I began a similar journey of working on traditional art a little over five years ago. (Drawing and painting on flat surfaces.) In the first year or two, I could see patterns emerging that were similar to how I had studied and practiced and been frustrated by learning to paint miniatures. I didn’t want to go through that again. I wanted to enjoy the journey, not just hope that maybe one day I’d feel better about this when I was ‘good at it’.
I did two things that I think have made a dramatic difference to my experience of learning traditional art compared to my experience of learning to paint miniatures.
One is that I committed to doing some kind of art activity every day. It didn’t have to be an inspired amazing piece of art. It didn’t have to be for more than five minutes. It just had to be something, and it had to be every day. Some days I did only manage the minimum, some days I managed a lot more. At first this was just for a month in a challenge along with some friends. I kept going after the month for about two years, only missing a couple of days in that span. I tried some other practice approaches for a while, but I’ve now gone back to the minimum daily idea, though I’m not quite as strict about it currently. (These are tough times, and I’m taking my own advice to be kind to myself!)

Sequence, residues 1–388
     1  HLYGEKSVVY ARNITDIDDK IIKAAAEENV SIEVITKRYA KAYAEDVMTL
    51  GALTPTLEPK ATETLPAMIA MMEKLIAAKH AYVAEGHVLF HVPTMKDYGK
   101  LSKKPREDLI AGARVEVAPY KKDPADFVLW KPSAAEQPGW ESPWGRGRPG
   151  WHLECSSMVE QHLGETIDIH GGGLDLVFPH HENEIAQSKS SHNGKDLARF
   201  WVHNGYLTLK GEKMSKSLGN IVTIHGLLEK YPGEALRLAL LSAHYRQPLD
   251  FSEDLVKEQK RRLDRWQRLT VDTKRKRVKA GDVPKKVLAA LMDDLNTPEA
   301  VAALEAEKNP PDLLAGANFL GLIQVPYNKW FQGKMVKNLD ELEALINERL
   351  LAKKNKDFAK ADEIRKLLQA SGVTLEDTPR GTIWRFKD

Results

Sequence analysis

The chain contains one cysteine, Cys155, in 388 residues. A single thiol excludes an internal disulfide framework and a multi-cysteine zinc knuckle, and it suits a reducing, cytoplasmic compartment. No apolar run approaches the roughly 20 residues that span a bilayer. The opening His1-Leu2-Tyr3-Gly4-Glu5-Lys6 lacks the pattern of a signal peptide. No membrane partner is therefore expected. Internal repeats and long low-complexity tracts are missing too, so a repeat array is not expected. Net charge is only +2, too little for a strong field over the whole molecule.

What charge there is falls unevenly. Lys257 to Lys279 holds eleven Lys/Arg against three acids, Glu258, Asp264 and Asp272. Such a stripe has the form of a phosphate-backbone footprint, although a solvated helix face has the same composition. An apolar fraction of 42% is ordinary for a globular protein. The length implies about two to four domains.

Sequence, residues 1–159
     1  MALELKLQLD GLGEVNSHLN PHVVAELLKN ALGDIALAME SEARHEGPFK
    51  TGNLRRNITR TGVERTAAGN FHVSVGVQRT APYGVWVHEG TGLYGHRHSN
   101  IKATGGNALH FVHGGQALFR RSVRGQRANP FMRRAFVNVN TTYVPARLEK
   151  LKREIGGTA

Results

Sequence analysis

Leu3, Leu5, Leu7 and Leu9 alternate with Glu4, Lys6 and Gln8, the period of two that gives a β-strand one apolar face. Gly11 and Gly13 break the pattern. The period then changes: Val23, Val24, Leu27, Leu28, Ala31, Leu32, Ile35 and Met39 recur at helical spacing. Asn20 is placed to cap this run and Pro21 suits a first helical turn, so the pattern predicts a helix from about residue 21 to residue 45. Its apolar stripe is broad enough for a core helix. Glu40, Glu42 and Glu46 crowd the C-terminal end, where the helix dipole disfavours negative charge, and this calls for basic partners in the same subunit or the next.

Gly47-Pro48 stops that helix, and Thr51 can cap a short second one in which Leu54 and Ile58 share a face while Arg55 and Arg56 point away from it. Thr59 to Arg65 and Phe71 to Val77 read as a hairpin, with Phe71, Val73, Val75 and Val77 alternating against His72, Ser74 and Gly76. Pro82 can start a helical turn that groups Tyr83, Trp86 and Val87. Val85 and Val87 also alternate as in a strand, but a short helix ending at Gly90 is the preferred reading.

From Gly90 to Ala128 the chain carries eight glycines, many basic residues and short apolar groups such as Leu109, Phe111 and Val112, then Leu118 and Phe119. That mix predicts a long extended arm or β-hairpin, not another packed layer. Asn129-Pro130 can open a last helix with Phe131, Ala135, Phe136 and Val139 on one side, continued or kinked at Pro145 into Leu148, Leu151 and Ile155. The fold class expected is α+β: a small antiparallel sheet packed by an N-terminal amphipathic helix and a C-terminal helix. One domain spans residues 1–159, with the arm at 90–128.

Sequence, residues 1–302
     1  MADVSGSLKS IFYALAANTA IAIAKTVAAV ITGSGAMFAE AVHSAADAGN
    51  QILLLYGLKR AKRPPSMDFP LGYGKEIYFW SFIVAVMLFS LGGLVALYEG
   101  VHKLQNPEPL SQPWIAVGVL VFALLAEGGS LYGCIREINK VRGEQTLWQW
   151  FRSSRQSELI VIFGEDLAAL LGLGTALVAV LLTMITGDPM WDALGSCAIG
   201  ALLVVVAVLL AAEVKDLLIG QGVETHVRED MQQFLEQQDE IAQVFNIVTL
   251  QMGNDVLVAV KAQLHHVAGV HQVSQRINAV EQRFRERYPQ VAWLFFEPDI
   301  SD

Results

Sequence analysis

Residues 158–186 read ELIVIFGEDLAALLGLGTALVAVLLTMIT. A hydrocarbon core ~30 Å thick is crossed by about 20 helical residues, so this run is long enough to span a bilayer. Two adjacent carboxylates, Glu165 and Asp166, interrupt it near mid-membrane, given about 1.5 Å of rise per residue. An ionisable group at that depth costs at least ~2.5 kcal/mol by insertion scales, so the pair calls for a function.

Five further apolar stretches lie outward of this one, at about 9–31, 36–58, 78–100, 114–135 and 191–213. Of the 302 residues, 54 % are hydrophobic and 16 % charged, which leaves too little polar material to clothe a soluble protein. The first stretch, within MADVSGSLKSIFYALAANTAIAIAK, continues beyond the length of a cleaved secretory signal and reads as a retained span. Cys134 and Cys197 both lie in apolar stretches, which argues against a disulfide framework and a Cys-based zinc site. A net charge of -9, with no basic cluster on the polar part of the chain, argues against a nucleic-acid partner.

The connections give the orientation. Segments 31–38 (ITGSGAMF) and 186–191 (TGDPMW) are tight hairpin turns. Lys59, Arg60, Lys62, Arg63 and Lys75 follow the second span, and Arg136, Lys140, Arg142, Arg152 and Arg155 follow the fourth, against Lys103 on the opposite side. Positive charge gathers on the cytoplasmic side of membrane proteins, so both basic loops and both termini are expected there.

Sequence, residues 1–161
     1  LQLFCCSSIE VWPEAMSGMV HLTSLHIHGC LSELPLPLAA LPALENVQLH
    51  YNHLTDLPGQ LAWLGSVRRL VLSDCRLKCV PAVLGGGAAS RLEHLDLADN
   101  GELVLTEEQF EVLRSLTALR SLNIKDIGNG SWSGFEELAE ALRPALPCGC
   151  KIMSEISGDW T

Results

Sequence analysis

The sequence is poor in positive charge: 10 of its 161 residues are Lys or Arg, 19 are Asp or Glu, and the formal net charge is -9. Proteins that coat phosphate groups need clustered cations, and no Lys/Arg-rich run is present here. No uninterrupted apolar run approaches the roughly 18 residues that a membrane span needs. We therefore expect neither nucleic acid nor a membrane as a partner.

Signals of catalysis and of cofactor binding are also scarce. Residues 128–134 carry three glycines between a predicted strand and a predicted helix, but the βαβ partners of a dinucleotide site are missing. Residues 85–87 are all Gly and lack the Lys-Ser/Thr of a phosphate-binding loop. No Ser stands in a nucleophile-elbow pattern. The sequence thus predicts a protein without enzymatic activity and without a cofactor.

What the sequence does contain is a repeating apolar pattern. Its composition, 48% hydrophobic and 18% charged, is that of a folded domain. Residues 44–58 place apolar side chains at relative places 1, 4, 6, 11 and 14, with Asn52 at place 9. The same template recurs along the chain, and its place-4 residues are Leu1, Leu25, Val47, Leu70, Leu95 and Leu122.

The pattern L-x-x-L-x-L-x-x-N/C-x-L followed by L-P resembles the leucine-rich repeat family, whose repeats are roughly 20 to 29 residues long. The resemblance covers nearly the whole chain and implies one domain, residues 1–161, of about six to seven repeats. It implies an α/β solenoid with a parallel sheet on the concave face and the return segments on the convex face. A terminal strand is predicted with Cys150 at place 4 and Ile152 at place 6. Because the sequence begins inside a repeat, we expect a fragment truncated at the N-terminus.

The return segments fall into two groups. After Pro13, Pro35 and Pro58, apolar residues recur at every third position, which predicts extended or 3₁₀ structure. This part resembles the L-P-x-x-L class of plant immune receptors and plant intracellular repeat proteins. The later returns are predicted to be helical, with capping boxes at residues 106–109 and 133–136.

Don’t wait for motivation/inspiration – schedule your painting sessions and show up for yourself. You’re worth it! (Photo by rawpixel from Unsplash.)
Depending on your schedule and work area set-up, it may or may not be practical to try to do at least five minutes of hobby related activity every day, but you can accomplish something similar by scheduling hobby sessions and showing up for yourself.
The other thing I did is what I’m suggesting you do here – I figured out what I find fulfilling about the process of doing traditional art, and of painting miniatures. I discovered that I really do enjoy the activities in and of themselves, and that my enjoyment of the process is often completely separate from my feelings about the end result. (As I discussed in this recent episode of the Crow’s Nest, sometimes our negative feelings about our work can also be completely separate from its merit as a finished product!)
Here are some of my discoveries about what I enjoy. Some of these may resonate with you, some may not, but hopefully they’ll give you some ideas as you try to discover what is important to you.
Lining the scales was a moment of transformation.